Monday, March 8, 2010

Day 51: Huzzah!

I've got my mojo back.

The 3600 seconds per day (most days) last week culminated in 9.5 new pages for Frank, his daughter Vivian and granddaughter Angie.  I brought the pages into playwriting class yesterday, and the material was incredibly warmly received: "loved the scene", "characters were very real and rich", "very moving", "didn't drop out anywhere", "love the grandfather character", "lines were very clean", "the questions that came into my mind were all answered".   All things a playwright hopes to hear about their work.

These new pages depict a moment no one ever wants to have to face, on either side: the moment you have to tell your parent or grandparent that they can't take care of themselves anymore. This is an even harder conversation to have when the father and daughter have barely spoken for the last 25 years, and it erupted in some pretty hurtful dialogue between Frank and Vivian.  Frank was even brusque with his granddaughter Angie, whom he adores -- which really surprised me.  I didn't know he had such a dark and bitter side.

The biggest question I had about this scene was if the harsh words were over-the-top; if the conflict felt like it came out of nowhere; if it was unbelievable that people would really talk to each other that way.  Not only was this not the case, the class pretty unanimously felt that the conflict didn't go far enough.  One person said they were "too nice", and others said that I dropped the conflict between Frank and Vivian too soon; that I could have let it go a couple of beats longer and really let Frank express the disappointment he has in his daughter.  I was so surprised!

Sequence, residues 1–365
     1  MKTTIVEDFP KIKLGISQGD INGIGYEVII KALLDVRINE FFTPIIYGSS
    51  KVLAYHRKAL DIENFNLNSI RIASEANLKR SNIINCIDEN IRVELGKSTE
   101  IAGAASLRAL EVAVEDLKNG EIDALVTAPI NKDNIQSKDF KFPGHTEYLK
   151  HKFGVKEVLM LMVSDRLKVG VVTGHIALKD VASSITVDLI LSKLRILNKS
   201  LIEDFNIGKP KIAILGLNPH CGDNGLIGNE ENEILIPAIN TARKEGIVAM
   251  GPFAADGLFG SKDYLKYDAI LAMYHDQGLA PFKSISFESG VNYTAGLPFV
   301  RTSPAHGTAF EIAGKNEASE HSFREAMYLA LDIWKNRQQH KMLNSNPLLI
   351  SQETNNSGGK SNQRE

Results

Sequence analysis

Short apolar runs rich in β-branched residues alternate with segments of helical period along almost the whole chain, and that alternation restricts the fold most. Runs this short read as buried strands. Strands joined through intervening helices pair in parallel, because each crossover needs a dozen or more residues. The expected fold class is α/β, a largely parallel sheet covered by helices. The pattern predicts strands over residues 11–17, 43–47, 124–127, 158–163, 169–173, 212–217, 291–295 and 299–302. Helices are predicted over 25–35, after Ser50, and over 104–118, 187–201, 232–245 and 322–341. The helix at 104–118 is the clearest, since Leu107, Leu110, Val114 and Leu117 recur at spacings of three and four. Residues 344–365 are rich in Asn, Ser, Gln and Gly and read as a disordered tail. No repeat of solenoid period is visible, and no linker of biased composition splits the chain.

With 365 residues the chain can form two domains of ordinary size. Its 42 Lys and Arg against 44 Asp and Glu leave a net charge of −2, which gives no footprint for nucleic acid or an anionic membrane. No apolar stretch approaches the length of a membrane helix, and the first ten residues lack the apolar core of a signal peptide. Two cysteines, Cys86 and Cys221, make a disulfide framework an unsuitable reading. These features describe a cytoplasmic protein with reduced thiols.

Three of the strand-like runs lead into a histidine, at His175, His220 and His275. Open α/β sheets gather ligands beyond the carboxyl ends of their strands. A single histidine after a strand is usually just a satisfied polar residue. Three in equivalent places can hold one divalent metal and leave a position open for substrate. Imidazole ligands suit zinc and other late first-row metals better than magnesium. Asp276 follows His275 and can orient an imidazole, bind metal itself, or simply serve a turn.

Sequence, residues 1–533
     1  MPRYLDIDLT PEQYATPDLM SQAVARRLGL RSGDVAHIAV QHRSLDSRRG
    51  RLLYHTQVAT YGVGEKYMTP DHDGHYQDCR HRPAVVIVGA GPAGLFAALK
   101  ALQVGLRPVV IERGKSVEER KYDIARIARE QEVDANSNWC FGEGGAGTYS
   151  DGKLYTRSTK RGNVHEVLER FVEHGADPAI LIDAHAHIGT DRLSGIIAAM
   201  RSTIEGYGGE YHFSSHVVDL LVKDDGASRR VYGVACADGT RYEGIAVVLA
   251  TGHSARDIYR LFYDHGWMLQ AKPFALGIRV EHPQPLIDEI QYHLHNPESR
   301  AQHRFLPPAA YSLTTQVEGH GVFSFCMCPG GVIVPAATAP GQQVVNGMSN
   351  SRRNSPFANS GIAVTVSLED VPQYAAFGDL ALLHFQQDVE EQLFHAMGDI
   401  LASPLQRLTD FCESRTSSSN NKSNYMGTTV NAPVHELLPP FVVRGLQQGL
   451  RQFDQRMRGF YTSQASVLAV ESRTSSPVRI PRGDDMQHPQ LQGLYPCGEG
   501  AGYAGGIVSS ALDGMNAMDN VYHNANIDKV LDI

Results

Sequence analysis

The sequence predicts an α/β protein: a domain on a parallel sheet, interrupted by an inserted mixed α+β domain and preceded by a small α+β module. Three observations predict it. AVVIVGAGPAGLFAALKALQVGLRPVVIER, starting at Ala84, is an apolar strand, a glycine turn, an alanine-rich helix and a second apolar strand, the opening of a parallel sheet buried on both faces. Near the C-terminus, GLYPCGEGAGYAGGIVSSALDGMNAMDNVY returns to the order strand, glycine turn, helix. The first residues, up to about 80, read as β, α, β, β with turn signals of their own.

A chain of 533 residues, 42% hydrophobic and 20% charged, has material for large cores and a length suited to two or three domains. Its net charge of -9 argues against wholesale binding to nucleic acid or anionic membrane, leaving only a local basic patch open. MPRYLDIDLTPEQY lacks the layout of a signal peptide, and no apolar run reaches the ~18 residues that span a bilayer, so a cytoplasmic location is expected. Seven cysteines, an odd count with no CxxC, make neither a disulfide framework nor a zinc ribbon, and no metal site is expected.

I think I see where this comes from:  I was the self-appointed peace-maker in my family growing up, and as such am a very conflict-averse person.  Arguments, fights, or conflicts of any kind make me incredibly uncomfortable.  What may seem like a minor, insignificant outburst to some feels like a giant blow-up to me.  As scenes like these are a big part of what make great drama on stage, I'm going to have to get over this.  Perhaps it will be somewhat therapeutic for me -- to let my characters have some of the fights I've always avoided in my real life.  Maybe I'll learn something from them.

I can't wait to see what these characters do next.  I just hope they'll tell me soon, 'cause I have to admit I have absolutely no idea what the next scene is going to be. 
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